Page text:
Wild rabbits chew on twigs and branches as well as grazing on grass. Domestic rabbits will spend about five percent of the time gnawing mostly at dawn and dusk (Fernandez-Carmona & Lopez 2006). If they have nothing to gnaw or chew, then rabbits will bite the bars of their cage or chew at their feed bowls (Gunn & Morton 1995, Hansen and Berthelsen 2000). Sixty five out of 102 pet rabbits surveyed had chewed their hutch (Mullan & Main 2006s). House rabbits will chew at skirting boards, furniture, table legs, clothes on the floor, books, electric wires etc. Two thirds of pet rabbits spending time in the house chewed or scratched furniture (Mullan & Main 2006)
So give your rabbit plenty of long-chop hay to chew (Berthelsen & Hansen 1999). You should be feeding this anyway. Straw, as a lining for the hutch, also allows for chewing (Morisse et al., 1999). And also provide things to chew and gnaw. There are lots of good chew toys at www.bunnybazaar.com These will reduce the rabbit’s need to gnaw at your home! Keep your rabbit busy with food dispenser toys, etc. Also, if you can, supply fresh branches from willow or fruit trees (not stone fruit). This will let your rabbit strip the bark, which is what wild rabbits eat in winter.
However, you will still need to bunny proof the surroundings. A block of untreated pine nailed to the skirting board or piece of furniture will reduce damage round the home. Clear plastic Perspex from DIY shops can be installed up to the stretching height of the rabbit. Think about making just one bunny proof room, if you don’t want to do the whole house!
Decorate walls with paint instead of wallpaper. Buy plastic tubing in various diameters or from DIY stores, or flexible cable wraps, to protect the wires or buy trunking to put them through. Rabbits rarely chew plastic tubes, and , if they do, there is time to stop them before they reach the wire. If you have moulded plugs, split the tubes sideways to get the wire in. Use commercial cable tidies to reduce the extent of dangling wire (Dykes & Flack 2003). Relocate your sockets higher up the wall. Transparent carpet coverings are also available from DIY shops. Cover chewed carpet with this. Put clingfilm round the legs of furniture and then cover with cloth to protect against chewing. Site electric plugs high up out of reach.
To stop burrowing behind sofa, buy big cardboard rolls of the kind used to keep carpets on, or large plastic or earthenware tubing from DIY or builders merchants. Or take a wool (not nylon) carpet offcut and tape it into a roll with the carpet inside. Put this behind the sofa so your rabbit can run and hide in it, but the sofa won’t be chewed. Consider shortening your curtains so that your rabbit cannot create the frilled look (Dykes & Flack 2003). Keep houseplants away from rabbits, as some are poisonous.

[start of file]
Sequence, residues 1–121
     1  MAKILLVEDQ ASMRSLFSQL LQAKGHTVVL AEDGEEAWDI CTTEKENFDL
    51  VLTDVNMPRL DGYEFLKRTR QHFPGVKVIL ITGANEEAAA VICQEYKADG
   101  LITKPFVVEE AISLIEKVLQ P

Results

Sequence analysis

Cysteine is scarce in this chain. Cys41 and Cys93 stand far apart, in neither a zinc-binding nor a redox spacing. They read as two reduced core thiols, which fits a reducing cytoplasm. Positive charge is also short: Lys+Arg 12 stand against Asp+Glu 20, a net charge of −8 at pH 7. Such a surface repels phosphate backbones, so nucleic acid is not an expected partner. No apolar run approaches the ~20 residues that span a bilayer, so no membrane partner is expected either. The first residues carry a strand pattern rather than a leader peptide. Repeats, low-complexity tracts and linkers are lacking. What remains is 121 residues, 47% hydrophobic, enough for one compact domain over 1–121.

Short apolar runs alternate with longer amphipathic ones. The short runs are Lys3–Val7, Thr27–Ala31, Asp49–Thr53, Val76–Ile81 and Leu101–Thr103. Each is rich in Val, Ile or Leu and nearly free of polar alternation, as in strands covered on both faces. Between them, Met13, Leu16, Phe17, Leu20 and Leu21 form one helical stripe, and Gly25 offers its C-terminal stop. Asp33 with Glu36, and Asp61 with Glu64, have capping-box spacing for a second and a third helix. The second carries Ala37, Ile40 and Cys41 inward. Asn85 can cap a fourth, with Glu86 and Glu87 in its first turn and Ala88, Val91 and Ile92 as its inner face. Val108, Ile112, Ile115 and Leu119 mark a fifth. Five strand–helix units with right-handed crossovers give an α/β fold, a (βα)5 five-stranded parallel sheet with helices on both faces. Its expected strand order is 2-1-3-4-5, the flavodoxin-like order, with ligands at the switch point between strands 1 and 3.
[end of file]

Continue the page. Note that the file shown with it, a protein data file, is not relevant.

If you are keeping a house rabbit, try to limit it to a safe area in the house, when you are not around. puppy pens, childrens playpens or compost-heap fencing can be used to make indoor enclosures – but check that it is secure. You may need to add some mesh to make sure your rabbit can’t get its head stuck or squeexe through. If the rabbit is allowed free range then it should be under supervision. Remember rabbits can climb on furniture.
Berthelsen, H. & Hansen, L. T. (1999), The effect of hay on the behaviour of caged rabbits (Oryctolagus cuniculus),’ Animal Welfare, 8, 149-157
Dykes, L., & Flack, H., (2003), Houserabbit, Dorking, UK, Ringpress
Fernandez-Carmona, J. & Lopez, M., (2006), ‘Behavior of breeding does in cages’, in eds. Maertens, L., & Courdert, P., Advances in Rabbit Sciences, Melle, Belgium, Institute for Agricultural and Fisheries Research, 87-89.
Gunn, D., & Morton, D. B., (1995) Inventory of the behaviour of New Zealand White rabbits in laboratory cages, Applied Animal Behaviour Science, 45, 277-292
Hansen, L. T. & Berthelsen, H., (2000),’ The effect of environmental enrichment on the behaviour of caged rabbits (Oryctolagus cuniculus), Applied Animal Behaviour Science, 68,163–178
Morisse, J.P., Boilletot, E. & Martrenchar, A., (1999), ‘Preference testing in intensively kept meat production rabbits for straw on wire grid floor, ‘ Applied Animal Behaviour Science, 64, 71–80
Mullan, S.M. & Main, D. C. J., (2006), ‘Survey of the husbandry, health and welfare of 102 pet rabbits,’ Veterinary Record, 159, 103-109